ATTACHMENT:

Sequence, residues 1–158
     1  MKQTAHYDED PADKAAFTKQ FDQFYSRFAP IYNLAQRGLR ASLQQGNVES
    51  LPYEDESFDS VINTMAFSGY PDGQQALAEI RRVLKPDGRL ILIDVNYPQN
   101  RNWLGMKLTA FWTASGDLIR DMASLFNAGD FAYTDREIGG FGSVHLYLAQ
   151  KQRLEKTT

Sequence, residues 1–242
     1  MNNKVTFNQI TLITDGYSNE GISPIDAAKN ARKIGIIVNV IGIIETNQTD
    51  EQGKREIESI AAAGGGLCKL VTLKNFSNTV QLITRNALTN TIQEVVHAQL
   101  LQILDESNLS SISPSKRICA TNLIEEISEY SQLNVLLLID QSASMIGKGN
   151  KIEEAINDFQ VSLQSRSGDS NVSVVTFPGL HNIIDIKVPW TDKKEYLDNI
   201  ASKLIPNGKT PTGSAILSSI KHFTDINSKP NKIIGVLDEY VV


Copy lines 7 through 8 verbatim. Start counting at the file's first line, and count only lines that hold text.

     1  MNNKVTFNQI TLITDGYSNE GISPIDAAKN ARKIGIIVNV IGIIETNQTD
    51  EQGKREIESI AAAGGGLCKL VTLKNFSNTV QLITRNALTN TIQEVVHAQL